I took a walk to the Skyway the other day with Rep. Brian Higgins, D-Buffalo. For years, he has embodied civic efforts to have the road removed. He speaks from the gut and he builds a passionate case. He said he has no nostalgia, no sense of wonder, associated with the Skyway.
That's where we differ. I do.
I remember being a kid, coming from the south, when the journey was an exercise in awe. I remember riding through Lackawanna and its this-is-Mordor landscape, through the torches, smoke and fumes that caused you to roll up your windows on summer days and left you wondering how the people in the houses along Route 5 somehow managed to hang their clothes out to dry.
Before long, we always came to the Skyway. I recall as vividly as I am sitting here both the awe and touch of fear as the car rose above the grain elevators and old mills. At the peak you saw that sheet of glittering blue water, Lake Erie rolling to the west, and then you neared downtown and the great landmarks of Buffalo – the Aud, the twin Statues of Liberty, the ornate City Hall.
That skyline view, at age 4 or 5, was as moving as it gets.
I am 60. I still feel it when I think of Buffalo.
Yes, I have some fondness for the Skyway.
To my friends who say it is one more road that devoured a landscape, I can only say: I understand, with a twist. The Skyway, while built in an industrial district, is a product of the same era when interstates and expressways traumatized communities, when the Kensington tore through the gut of Buffalo and the Scajaquada bisected a precious Frederick Law Olmsted-designed park, when similar projects did similar mayhem in Syracuse and Rochester – and when highways built with zero planning or foresight left wounds that to this day are difficult to heal.
This was the era dominated by Robert Moses, the guy whose automobile-first philosophy rippled out from New York City and rolled across the state, until – in a particularly egregious symbol of power over reason – we at one time had a parkway named for Moses that ran not far from the brink of the American falls themselves, again carving through a jewel deeply influenced by Olmsted.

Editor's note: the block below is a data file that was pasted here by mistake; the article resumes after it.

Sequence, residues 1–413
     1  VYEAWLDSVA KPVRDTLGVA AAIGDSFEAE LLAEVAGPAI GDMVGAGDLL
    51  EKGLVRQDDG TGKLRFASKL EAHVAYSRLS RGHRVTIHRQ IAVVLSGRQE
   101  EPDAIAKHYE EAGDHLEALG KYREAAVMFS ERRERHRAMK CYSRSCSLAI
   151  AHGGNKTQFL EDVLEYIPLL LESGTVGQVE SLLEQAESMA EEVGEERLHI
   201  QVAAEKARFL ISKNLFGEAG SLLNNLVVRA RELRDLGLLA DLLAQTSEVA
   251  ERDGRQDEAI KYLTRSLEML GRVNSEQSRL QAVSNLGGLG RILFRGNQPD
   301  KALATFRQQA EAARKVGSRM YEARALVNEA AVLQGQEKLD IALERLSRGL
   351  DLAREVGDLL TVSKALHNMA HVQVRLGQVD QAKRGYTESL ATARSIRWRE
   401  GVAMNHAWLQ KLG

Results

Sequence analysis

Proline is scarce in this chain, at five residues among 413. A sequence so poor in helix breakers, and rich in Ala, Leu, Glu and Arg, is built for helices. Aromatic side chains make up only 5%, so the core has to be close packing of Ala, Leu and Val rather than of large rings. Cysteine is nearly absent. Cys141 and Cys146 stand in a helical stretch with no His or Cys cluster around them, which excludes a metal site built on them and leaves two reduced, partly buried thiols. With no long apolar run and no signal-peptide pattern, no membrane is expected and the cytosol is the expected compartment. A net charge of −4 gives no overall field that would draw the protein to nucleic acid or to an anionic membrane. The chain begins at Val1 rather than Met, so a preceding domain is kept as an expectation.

So when I speak of the Skyway, take it in this spirit: As I came of age, it offered the loftiest view of the large city at the center of my world. Higgins would say – does say – that such sentiment can get in the way of something better, that removing the bridge would mean a waterfront brought back to greater power, a downtown impact he describes as almost unimaginable until it happens.
My reservations may be answered soon enough. But I know there are an awful lot of Western New Yorkers who have similar thoughts about the Skyway, a touch of lingering awe and caution expressed by people who love the city and are hardly enemies of wise planning. The moment we are at right now is finally a chance to address that wistfulness, one way or another, with real answers.
Last week, Gov. Andrew Cuomo came to Buffalo and picked a project called “City of Lights” as the winner in an “Aim for the Sky” design contest. The idea was giving brilliant designers a chance to dream out loud about the Skyway, and this particular vision involved a towering piece of the bridge as a kind of monumental park, with a rounded tower to take people up and down.